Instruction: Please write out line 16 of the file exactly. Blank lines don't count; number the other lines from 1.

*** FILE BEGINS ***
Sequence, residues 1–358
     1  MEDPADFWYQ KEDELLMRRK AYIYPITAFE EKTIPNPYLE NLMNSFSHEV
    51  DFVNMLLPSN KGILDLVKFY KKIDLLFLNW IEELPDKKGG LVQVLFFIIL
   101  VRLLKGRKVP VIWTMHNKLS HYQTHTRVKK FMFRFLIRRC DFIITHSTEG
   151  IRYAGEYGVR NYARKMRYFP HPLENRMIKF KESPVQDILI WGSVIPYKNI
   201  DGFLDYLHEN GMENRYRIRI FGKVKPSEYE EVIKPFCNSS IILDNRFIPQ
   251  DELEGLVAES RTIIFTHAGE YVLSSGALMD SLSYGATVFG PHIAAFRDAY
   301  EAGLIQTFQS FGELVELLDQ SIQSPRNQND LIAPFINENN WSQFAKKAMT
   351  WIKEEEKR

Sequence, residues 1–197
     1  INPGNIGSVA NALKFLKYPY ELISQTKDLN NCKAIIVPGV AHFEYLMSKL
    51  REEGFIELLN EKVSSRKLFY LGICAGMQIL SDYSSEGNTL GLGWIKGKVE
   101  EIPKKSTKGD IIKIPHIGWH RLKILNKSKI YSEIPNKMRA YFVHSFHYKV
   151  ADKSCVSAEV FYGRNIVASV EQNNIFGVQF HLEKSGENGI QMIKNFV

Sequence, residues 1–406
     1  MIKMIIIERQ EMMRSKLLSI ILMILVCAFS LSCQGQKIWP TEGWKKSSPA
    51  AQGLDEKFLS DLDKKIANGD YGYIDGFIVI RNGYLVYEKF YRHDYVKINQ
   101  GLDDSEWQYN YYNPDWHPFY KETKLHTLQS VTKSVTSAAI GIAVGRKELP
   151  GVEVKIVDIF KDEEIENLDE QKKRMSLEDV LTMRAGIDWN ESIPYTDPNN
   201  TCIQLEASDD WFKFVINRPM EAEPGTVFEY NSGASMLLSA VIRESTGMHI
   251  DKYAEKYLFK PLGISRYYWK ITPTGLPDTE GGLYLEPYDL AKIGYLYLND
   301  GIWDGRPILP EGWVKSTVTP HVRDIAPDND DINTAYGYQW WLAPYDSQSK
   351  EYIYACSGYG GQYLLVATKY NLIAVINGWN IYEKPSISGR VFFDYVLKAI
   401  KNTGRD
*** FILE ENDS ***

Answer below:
     1  MIKMIIIERQ EMMRSKLLSI ILMILVCAFS LSCQGQKIWP TEGWKKSSPA